Congregation Etz Hayim at Hollis Hills Bayside

The consolidated communities of Hollis Hills Bayside Jewish Center and Marathon Jewish Community Center

Shabbat Ki Tissa 5775

How did Moshe and Aharon get along as brothers? They clearly do a good deal of work together, though they occupy different realms. But if there was any event in the Torah that would have put a strain on their relationship, it would have to have to been ma’aseh ha’egel, the Golden Calf episode, of which we read this Shabbat of Parshat Ki Tissa.

“Moses said to Aaron, ‘What did this people do to you that you have brought such great sin upon them?'” (Exodus 32:21) Clearly feeling threatened by the tone of his brother’s question (accusation?), Aharon replies with a twist on the truth: “So I said to the, ‘Whoever has gold, take it off!’ They gave it to me and I hurled it into the fire and out came this calf!” (32:24) 

There’s even a scholarly suggestion that the two kingdoms of ancient Israel, north and south, used a sibling rivalry narrative to explain the origins of their conflicts. Stories that disparage Moshe (striking the rock, for example) are products of the Aaronid priestly clan; the Golden Calf debacle was the other kingdom’s way of besmirching Aharon’s reputation (for more on this, see Richard Elliot Friedman’s classic book Who Wrote the Bible?)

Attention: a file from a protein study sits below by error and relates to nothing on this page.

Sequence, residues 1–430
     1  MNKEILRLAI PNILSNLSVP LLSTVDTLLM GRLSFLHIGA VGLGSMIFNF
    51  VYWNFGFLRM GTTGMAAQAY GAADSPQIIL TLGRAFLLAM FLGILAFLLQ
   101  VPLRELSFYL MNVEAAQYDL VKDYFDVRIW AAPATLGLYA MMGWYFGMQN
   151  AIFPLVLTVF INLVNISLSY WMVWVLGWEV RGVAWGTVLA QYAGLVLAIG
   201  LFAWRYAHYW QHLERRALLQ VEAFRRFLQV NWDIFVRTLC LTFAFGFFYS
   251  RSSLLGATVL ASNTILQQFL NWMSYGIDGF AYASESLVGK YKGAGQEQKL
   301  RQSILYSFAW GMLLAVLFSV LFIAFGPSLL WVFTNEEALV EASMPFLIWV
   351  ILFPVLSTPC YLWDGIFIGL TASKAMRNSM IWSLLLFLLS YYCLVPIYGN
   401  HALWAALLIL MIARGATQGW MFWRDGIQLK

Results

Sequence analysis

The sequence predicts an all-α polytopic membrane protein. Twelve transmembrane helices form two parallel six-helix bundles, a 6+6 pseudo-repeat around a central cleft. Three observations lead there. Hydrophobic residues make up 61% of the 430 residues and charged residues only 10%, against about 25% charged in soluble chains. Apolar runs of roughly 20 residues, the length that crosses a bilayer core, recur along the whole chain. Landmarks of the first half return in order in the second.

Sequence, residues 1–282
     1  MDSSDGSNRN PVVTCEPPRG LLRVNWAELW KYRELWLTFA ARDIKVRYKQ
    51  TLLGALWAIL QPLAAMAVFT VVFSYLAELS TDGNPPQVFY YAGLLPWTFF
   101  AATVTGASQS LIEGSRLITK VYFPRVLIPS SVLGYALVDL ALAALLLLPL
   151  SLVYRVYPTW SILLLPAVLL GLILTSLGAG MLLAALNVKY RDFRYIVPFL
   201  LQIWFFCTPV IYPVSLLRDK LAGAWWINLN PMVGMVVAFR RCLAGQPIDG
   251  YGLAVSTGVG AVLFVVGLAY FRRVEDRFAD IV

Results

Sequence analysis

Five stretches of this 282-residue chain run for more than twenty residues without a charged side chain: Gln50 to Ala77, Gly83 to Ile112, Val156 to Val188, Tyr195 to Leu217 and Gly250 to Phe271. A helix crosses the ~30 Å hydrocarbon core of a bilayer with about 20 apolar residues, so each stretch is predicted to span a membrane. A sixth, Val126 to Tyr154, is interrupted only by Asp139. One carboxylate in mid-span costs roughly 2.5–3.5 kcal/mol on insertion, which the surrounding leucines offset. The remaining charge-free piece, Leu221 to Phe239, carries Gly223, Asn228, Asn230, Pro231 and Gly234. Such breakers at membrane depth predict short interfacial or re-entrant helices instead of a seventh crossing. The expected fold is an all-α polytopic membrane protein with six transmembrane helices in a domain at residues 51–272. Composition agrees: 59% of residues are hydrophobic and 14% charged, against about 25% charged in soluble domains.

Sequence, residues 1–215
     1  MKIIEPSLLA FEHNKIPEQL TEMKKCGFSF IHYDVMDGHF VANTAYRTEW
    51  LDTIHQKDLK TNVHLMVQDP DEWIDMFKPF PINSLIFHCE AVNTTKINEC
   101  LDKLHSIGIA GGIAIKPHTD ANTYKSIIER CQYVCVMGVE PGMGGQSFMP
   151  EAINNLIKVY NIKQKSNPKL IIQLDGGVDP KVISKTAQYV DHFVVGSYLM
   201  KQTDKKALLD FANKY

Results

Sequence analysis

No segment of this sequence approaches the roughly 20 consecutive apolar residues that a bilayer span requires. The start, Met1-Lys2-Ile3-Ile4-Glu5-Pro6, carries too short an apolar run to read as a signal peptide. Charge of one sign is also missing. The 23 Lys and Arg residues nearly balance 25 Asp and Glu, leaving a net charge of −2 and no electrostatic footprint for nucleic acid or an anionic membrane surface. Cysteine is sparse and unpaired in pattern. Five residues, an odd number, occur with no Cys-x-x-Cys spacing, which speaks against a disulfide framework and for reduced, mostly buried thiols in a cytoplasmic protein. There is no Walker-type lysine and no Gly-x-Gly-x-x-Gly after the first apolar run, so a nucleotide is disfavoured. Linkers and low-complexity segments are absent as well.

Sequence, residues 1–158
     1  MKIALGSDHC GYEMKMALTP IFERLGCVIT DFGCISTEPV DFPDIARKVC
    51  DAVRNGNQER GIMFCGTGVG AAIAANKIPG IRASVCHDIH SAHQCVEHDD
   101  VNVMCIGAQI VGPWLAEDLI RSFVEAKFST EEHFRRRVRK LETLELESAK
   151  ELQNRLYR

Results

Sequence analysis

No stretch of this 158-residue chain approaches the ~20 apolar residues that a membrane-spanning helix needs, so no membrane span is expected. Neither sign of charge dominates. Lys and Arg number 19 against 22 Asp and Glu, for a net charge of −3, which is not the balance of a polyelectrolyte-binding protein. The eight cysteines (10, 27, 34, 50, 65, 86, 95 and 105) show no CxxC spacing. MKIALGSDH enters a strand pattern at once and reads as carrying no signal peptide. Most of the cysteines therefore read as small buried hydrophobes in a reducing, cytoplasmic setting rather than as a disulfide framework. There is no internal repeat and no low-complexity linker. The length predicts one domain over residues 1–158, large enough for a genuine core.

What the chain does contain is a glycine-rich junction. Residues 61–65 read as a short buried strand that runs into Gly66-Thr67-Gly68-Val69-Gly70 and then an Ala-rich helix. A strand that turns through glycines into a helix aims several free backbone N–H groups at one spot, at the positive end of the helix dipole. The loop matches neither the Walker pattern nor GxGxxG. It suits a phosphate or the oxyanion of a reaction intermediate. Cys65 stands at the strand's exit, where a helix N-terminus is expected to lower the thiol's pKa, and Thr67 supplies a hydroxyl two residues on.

The sibling dynamic in this Torah portion inspired to select the chapter “Between Siblings” by Rabbi David Greenstein in The Observant Life (pp. 693-708). Noting that the first book and a half of the Torah pays great attention to brotherly love or its opposite, it’s worth noting the transformation of the term “brother” once the Torah moves into its legal sections. Still, there are legislative considerations to the blood sibling relationship that are worth looking at. As we read the chapter in preparation for Shabbat’sThe Observant Life Lunch and Learn, consider how the relationships with which you are familiar and think about how they fit into the Jewish tradition’s understanding of sibling interaction.

Wishing you a Shabbat Shalom,

Rabbi David Wise